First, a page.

I am very lucky now that I can ride right off the property (well, if we didn't have so much fricking snow and ice I could anyway), and therefore the only people I generally come across are the landowners themselves or a neighbor.

    When I used to do my training exclusively in local parks, I generally worried more about out-of-control bikers and people with unleashed, aggressive dogs than I did about someone attacking me personally in the bigger, more popular park. The smaller park had much tougher terrain, so other than a rare climber hiking to the climbing area, I rarely saw people on trail. I did have some amusing encounters with horizontal couples fairly close to the parking lot, but never felt I was going to be asked to join in.
    jamesqf likes this.
         
        02-18-2014, 11:28 AM
      #15
    Trained
    I live in the exact middle of a highly recreational national forest. I feel safer out here than I did in "town".

    There hasen't been a single violent crime or theft that I can recall in the 10 years I've lived out here. A few deaths from ATV and hiking accidents, several people getting lost where all the locals helped with the search parties, and a few drunk drownings in the river.

    I agree, people up to no good generally stick to easy targets. Hiking 10 miles (that was funny!) uphill both ways to accost a woman, especially a potentially armed one, on a 1,200 lb animal doesn't register to me as easy, lol!

    The worst problems happen down on the river. Drunk idiots who want off the river for some reason or another would come up to the old house asking for a ride... Once we had a druggie group try and "borrow" our car at 6am. DH met them in the yard in his skivvies with a rifle!
    I also catch ATV riders crapping in my driveway often, that really chaps my hide! I don't poop in your road!

    It's rough country out here so I don't go far alone, never without a dog AND a gun (mostly to protect myself from bears and if my horse had an accident). But honestly the people that come out here are very polite, friendly, and just wanting to enjoy the reason I live out here, these breathtaking hills.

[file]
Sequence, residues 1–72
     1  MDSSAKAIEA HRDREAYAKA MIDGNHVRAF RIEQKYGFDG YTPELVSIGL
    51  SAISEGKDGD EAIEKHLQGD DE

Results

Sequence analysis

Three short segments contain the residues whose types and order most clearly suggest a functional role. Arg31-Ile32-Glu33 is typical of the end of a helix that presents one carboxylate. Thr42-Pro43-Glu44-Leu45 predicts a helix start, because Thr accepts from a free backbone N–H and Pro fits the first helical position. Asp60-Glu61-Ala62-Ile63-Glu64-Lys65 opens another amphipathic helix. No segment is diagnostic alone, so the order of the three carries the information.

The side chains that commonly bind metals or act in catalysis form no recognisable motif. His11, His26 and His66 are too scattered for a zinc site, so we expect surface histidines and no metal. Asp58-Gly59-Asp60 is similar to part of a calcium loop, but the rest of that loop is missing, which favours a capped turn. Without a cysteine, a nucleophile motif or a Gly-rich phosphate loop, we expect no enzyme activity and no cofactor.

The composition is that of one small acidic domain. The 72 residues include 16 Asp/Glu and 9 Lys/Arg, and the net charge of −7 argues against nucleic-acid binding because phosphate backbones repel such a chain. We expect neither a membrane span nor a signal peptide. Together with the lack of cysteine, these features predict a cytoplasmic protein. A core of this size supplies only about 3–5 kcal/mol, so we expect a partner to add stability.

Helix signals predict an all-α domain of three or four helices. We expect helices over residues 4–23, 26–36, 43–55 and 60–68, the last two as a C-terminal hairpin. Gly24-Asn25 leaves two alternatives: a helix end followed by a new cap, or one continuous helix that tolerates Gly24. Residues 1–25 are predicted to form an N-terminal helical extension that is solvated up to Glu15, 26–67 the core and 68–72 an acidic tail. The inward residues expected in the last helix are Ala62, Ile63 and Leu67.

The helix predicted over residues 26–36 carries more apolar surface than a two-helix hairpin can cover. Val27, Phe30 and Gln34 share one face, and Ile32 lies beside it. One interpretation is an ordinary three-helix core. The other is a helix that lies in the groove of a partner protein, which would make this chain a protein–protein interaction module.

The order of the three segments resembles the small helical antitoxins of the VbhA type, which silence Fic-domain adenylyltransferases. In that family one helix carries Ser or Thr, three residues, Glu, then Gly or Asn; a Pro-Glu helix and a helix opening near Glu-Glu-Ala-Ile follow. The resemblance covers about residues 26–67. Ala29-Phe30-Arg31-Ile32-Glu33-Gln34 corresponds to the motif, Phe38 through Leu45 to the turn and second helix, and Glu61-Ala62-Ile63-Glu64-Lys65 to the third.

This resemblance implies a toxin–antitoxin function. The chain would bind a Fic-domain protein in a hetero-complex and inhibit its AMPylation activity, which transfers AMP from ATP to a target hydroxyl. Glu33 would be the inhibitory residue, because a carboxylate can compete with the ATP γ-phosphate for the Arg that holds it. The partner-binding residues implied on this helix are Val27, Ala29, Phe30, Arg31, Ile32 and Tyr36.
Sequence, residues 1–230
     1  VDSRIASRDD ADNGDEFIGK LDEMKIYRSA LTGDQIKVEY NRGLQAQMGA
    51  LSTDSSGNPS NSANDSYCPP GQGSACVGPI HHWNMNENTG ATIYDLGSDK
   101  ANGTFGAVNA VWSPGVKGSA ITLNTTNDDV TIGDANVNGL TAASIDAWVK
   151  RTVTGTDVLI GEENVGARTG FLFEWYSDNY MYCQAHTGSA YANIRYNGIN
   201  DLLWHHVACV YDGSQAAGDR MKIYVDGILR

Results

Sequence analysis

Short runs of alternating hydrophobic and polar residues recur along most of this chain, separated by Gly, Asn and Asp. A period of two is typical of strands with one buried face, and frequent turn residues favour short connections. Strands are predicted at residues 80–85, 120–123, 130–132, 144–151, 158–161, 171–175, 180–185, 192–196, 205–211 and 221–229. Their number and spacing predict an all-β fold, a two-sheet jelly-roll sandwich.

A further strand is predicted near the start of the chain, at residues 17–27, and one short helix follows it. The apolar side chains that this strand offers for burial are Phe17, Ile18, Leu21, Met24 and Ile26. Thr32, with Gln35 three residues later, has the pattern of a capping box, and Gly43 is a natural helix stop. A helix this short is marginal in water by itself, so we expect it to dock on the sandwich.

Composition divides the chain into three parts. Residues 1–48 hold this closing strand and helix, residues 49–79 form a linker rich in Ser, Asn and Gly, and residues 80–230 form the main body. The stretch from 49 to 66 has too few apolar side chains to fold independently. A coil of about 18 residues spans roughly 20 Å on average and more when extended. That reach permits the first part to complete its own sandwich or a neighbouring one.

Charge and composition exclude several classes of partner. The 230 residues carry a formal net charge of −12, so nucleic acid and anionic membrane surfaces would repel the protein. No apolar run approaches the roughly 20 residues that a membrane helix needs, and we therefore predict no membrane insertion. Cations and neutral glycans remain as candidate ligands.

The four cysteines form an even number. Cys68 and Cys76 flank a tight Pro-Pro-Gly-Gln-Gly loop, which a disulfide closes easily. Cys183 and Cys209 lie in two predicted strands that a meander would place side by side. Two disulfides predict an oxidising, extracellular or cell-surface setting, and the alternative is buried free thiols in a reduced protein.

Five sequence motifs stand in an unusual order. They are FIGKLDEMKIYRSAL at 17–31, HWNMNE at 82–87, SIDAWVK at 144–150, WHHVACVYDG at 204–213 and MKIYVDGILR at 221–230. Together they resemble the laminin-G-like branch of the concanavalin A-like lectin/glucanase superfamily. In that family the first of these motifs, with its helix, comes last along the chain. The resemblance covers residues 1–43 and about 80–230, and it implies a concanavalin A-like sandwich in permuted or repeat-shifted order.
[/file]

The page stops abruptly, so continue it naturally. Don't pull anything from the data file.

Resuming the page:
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    Foxtail Ranch likes this.
         
        02-18-2014, 12:57 PM
      #16
    Green Broke
    Granted, I don't have nearly the trail riding experience that most of the people posting on this thread do (though I certainly hope to change that! <3) but I have never felt in any sort of danger--at least not from another person.

    I feel like someone does need to worry less when riding a horse, simply because it's a much more daunting target than if you're just out jogging by yourself.
    Foxtail Ranch likes this.
         
        02-18-2014, 01:36 PM
      #17
    Weanling
    Quote:
    Originally Posted by trailhorserider    
    Even fishing, we had someone steal gas from the gas tank of our truck one time when were were out fishing at night. We had just filled the truck up and when we started it up it was near empty! But we never had anything broken into or otherwise damaged. We've been very lucky.

    Something off topic that I have wondered about. My little car with its 10 gallon tank, you have to push a button from inside the car to access the gas. My big truck with its 20 gallon tank, just the door opens. Why?